Shanling M3 Ultra: A reliable digital audio player

Today, we will be discussing an affordable and popular audio player from Shanling. It’s worth noting that even before I had the chance to test it, many readers had already asked for my opinion on this new device. It seems that Shanling has been quite productive lately, releasing new products one after another. Just recently, I wrote about the Shanling M6 Ultra, and now it’s time to talk about its younger sibling.

In today’s modern world, where mobile DACs are becoming increasingly popular, it’s quite a challenge for manufacturers to convince audiophiles to choose a dedicated Hi-Res player instead. The Shanling M3X was already well-received by the audience, and now the developers have decided to upgrade it to the Ultra version. I must say, they have gone above and beyond expectations, making it quite intriguing.

The Shanling M3 Ultra is priced at $480, which, in my opinion, falls within the minimum price range that is worth considering when comparing compact DACs with players. Cheaper players simply don’t offer the same level of performance. But let’s delve into the details gradually.


Shanling M3 Ultra Photo Screen

The Shanling M3 Ultra arrives in a compact orange package, which is undeniably bringing a touch of vibrancy to our lives. The front cover showcases the key features of the device, while the company’s motto, “Life is short, play more,” is prominently displayed.

Shanling M3 Ultra Photo Box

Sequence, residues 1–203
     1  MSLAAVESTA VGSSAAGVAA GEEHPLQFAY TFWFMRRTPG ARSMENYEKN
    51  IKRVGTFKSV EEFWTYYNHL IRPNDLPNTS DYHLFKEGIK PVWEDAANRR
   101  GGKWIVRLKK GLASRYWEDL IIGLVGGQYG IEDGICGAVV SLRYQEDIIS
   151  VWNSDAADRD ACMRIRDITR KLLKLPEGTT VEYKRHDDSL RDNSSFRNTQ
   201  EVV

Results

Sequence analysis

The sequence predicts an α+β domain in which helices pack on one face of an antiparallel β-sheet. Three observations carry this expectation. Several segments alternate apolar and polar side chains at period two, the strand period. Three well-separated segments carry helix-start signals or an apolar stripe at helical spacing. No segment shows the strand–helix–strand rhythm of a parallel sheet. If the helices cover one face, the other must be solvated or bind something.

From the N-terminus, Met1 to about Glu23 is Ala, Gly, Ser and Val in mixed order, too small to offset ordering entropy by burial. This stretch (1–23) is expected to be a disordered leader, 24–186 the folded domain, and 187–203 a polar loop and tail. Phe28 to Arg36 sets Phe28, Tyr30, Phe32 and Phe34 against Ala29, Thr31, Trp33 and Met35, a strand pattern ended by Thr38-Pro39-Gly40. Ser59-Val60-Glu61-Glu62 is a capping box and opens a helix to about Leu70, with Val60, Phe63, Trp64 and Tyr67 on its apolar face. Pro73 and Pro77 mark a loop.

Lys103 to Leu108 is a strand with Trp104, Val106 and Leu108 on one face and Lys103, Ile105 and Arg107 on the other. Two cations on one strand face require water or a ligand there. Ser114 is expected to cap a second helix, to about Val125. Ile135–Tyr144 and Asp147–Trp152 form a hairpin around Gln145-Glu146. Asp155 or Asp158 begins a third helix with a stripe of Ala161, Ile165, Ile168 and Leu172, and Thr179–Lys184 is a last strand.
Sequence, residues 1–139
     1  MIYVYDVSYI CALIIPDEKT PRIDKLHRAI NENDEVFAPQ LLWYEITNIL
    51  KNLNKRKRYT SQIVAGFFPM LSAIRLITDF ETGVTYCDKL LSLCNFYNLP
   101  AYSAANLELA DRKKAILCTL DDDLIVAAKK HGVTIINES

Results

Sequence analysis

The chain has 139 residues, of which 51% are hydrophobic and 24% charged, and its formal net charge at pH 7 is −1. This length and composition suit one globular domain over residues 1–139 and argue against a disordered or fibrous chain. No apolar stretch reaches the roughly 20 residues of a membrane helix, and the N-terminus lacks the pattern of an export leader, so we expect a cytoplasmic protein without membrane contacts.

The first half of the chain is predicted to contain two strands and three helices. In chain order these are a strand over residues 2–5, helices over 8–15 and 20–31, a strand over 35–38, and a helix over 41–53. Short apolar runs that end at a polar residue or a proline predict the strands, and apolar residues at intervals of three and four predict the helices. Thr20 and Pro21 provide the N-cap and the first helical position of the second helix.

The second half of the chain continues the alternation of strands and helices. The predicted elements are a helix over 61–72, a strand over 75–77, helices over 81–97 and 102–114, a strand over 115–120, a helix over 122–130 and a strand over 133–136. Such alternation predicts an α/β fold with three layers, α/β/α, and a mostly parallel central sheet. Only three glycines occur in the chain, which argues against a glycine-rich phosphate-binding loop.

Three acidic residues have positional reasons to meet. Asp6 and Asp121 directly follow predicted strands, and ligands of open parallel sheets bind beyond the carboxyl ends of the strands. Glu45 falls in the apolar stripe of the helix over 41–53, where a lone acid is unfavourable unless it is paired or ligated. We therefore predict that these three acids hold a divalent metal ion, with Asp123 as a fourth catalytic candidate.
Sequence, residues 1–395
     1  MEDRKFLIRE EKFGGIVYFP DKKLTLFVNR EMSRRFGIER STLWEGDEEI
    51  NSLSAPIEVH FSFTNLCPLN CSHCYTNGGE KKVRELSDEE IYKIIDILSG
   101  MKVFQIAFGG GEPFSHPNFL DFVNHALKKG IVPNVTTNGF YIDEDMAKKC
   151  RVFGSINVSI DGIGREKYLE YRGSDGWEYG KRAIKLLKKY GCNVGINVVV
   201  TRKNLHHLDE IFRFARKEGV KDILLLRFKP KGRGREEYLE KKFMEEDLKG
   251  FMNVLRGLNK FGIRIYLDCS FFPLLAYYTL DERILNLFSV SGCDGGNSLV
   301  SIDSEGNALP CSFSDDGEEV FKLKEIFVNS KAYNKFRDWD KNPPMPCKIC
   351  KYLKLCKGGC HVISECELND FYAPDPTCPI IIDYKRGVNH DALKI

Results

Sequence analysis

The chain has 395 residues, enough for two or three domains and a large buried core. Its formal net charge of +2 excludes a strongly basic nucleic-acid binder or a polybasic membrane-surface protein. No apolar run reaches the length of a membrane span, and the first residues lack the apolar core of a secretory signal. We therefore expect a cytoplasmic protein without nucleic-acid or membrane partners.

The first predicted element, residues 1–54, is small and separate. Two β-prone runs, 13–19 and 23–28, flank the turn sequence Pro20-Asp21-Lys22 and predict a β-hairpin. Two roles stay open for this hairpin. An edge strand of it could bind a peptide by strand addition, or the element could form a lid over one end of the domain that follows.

The player’s set of accessories is minimalist, consisting of a USB-C/USB-A charging cable and 4 protective films, with 2 already applied at the factory. Unfortunately, there is no cover included, as Hi-Fi brands rarely include it in their stock sets. However, despite the simplicity of the accessories, the design of the M3 Ultra is impressive. The body is crafted from a combination of aviation aluminum and glass panels, resulting in a sleek and well-assembled device. The edges are slightly tapered for a comfortable grip, and the choice of materials and quality production are commendable. The player is available in two color options – green and black. Given my preference for green, I highly recommend it for its elegance and charm.

Moving on to ergonomics, the M3 Ultra truly excels as a pocket-sized device. With dimensions of 109×70.5×18 mm and a weight of 200 g, it is incredibly convenient to carry around. This makes it an ideal choice for those who frequently travel. The player features 3 physical buttons for track switching, each with a distinct shape for easy tactile recognition. Additionally, there is a volume wheel with a satisfying click for starting/locking the device. Of course, there is also a touch screen, although its size of 4.2 inches and resolution of 1280×768 may not be ideal for watching movies. Nevertheless, the display provides comprehensive information and offers acceptable brightness.

Alongside the USB Type-C port, which serves as both input and output, the player offers the standard 3.5mm headphone jack and a 4.4mm balanced connector. It’s always a pleasure to see the inclusion of a Pentaconn release.


The Shanling M3 Ultra has incorporated the same ES9219C DACs found in the M3X. It offers a maximum signal resolution of PCM 32 bit/384 kHz and DSD256. The binding utilizes ELNA Silmic II capacitors once again. However, the updated model places emphasis on the amplifier circuit, which now features a pair of RT6863 op-amps. The standard output provides 140 mW of power, while the balanced output offers 260 mW. Both outputs have a resistance of less than 1 ohm. It is worth noting that this player is primarily designed for IEMs and may not deliver the same level of performance with full-sized headphones. Nevertheless, it ensures a noise-free experience when used with sensitive headphones.